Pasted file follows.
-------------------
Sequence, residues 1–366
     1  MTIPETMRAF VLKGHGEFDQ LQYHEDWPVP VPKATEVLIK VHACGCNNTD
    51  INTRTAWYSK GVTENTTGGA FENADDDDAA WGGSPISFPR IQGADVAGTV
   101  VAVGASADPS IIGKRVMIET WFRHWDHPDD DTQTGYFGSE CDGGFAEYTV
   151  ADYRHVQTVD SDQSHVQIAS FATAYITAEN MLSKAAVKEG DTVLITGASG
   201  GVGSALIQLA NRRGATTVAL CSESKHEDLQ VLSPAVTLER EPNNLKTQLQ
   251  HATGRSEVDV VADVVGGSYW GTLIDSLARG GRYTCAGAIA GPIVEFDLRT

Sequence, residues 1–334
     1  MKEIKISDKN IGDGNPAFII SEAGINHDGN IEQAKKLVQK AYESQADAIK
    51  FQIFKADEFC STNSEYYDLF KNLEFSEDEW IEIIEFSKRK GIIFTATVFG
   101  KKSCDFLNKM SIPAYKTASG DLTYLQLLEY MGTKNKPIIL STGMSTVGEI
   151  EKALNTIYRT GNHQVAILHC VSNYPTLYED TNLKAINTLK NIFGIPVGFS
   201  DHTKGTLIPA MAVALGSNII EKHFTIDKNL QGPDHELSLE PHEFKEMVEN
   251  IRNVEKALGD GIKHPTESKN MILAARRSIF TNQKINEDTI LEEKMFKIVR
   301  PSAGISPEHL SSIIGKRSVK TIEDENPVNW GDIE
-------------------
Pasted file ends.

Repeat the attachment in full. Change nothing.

Sequence, residues 1–366
     1  MTIPETMRAF VLKGHGEFDQ LQYHEDWPVP VPKATEVLIK VHACGCNNTD
    51  INTRTAWYSK GVTENTTGGA FENADDDDAA WGGSPISFPR IQGADVAGTV
   101  VAVGASADPS IIGKRVMIET WFRHWDHPDD DTQTGYFGSE CDGGFAEYTV
   151  ADYRHVQTVD SDQSHVQIAS FATAYITAEN MLSKAAVKEG DTVLITGASG
   201  GVGSALIQLA NRRGATTVAL CSESKHEDLQ VLSPAVTLER EPNNLKTQLQ
   251  HATGRSEVDV VADVVGGSYW GTLIDSLARG GRYTCAGAIA GPIVEFDLRT

Sequence, residues 1–334
     1  MKEIKISDKN IGDGNPAFII SEAGINHDGN IEQAKKLVQK AYESQADAIK
    51  FQIFKADEFC STNSEYYDLF KNLEFSEDEW IEIIEFSKRK GIIFTATVFG
   101  KKSCDFLNKM SIPAYKTASG DLTYLQLLEY MGTKNKPIIL STGMSTVGEI
   151  EKALNTIYRT GNHQVAILHC VSNYPTLYED TNLKAINTLK NIFGIPVGFS
   201  DHTKGTLIPA MAVALGSNII EKHFTIDKNL QGPDHELSLE PHEFKEMVEN
   251  IRNVEKALGD GIKHPTESKN MILAARRSIF TNQKINEDTI LEEKMFKIVR
   301  PSAGISPEHL SSIIGKRSVK TIEDENPVNW GDIE